Statutory provisions for allotment of shares

Allotment of shares means the company allots shares to the general public. It is the distribution of shares among the applicants.Statutory provisions of
Allotment of shares means the company allots shares to the general public. It is the distribution of shares among the applicants.Statutory provisions of
Statutory Provision for Allotment of Shares

Allotment of shares means the company allots shares to the general public. It is the distribution of shares among the applicants. Statutory provisions of allotment of shares has been enumerated under section 39 and 40 of Company Act 2013. Which are as follows:

  1. Registration of prospectus

The company has to file a copy of the prospectus with the registrar of the company (ROC) while raising its capital by issuing the shares to the general public.

2. Minimum subscription (Section 39)

Minimum subscription is the minimum amount raised by the company for obtaining a trading certificate and to start the work of allotment of shares. This amount is mentioned in prospectus. It must be collected within 30 days from the issued capital. SEBI has stated that minimum subscription should be 90% of the issue Usually, when a company does not collect minimum subscription, it means its issue has been undersubscribed – which means the number of shares applied for is less than the shares offered by the company. If a minimum subscription is not collected within specified time, the entire amount received as application money should be returned to the subscribers within 15 days of closer of the issue. To avoid such situation, the company may enter into an underwriting agreement with the underwriters.

If the minimum subscription has not been received within 30 days of the issue of the prospectus, or such other period as may be specified by SEBI, the amount received is to be returned within such time and manner as may be prescribed. [S. 39(3)].

3. Application money

The part of the face value of shares which are collected by the company along with share application, is known as Application Money, which should not be less than 5% of the face value of the shares.

SEBI has specified (for public companies) the application money should not be less than 5% of the nominal amount of shares

4. Depositing the application money

As per the condition, the company has to deposit the money into separate account known as share application money account, opened in a scheduled bank by the company. The company is not allowed to withdraw this money from the bank.

5. Over subscription

In the case of over subscription, the company has to refund the excess application money to the applicant. If it is failed to do so in the prescribed time then every officer of the company would be punishable. SEBI does not allow any allotment in excess of securities offered through offer document or prospectus. However, it may permit to allot not more than 10% of net offer.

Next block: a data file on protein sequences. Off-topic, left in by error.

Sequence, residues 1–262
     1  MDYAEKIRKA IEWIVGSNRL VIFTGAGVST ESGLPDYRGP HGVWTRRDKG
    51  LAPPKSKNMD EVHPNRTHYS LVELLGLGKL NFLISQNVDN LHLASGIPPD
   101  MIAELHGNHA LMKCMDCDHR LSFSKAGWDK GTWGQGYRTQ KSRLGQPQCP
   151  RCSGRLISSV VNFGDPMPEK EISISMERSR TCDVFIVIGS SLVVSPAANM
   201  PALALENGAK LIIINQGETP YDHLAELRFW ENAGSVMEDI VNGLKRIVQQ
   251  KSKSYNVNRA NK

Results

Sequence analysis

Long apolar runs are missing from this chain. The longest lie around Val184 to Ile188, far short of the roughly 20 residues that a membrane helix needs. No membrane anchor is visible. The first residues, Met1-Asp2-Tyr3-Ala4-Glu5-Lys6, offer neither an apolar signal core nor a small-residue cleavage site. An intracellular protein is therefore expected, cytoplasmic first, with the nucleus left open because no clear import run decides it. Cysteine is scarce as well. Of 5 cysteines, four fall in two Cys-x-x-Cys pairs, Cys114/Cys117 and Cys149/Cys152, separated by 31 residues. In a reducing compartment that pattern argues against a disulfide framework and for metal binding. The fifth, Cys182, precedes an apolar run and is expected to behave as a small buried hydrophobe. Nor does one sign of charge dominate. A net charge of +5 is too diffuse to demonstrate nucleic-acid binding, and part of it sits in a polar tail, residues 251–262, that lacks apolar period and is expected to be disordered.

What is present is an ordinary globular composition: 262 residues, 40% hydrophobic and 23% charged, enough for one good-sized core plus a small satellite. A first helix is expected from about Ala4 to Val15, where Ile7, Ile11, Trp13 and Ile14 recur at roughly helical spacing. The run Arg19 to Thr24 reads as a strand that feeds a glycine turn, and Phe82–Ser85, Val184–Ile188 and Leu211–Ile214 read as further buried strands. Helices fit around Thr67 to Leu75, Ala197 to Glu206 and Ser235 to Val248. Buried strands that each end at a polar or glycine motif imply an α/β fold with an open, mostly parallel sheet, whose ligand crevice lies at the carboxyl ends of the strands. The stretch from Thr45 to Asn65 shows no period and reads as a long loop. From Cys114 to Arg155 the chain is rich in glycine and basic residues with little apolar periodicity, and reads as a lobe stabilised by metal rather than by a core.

6. Appointment of managers to the issue and various other agencies

The company has to appoint one or more merchant bankers to act as managers to the public issue.It also has to appoint a registrar to the issue, collecting bankers, underwriters to the issue and brokers t the issue, self-certified syndicate banks, advertising agents etc.

7. Permission to deal on stock exchange (section 40 )

Every company before making a public offer shall apply to one or more recognized stock exchange to seek permission for listing its shares with them. For this, the prospectus shall mention the name of the stock exchange. In addition, an application for permission to list that stock exchange has to be made by the company. If permission is not given by the stock exchange, the allotment made shall be considered void.

The object of the section has been explained by the Supreme Court in the case of Union of India vs Allied International Products Ltd. 1970 The object of the provision is to enable shareholders to find a ready market for their shares so that they can convert their investment into cash whenever they like. The Supreme Court held that even if one out of the several stock exchanges applied for and granted recognition it would be sufficient to validate the allotment; the facility of at least one stock exchange would thereby be available. The amendment of 1974 nullified this part of the judgment. The position after the amendment was that if, out of the stock exchanges applied for, a single stock exchange refused to grant listing, the allotment, if already made, become void.

Where an appeal has been preferred under Section 22, Securities Contracts (Regulation) Act, 1956 against the refusal of a stock exchange, the allotment does not become void until the dismissal of the appeal!”

A decision of the Supreme Court has been to the effect that the effect of the provisions of Section 73 of the 1956 Act is that listing is mandatory.

A default in this respect makes allotment violative of the provisions and therefore allottees’ money has to be refunded to them with interest at 15 per cent.

7. Closing of subscription list

There is no provision in the companies act regarding the closing of the subscription list. But as per the SEBI guidelines, the subscription list must be issued for a minimum of 3 and a maximum of 10 working days.

In case of the rights issue, the subscription list is open for not more than 60 days.


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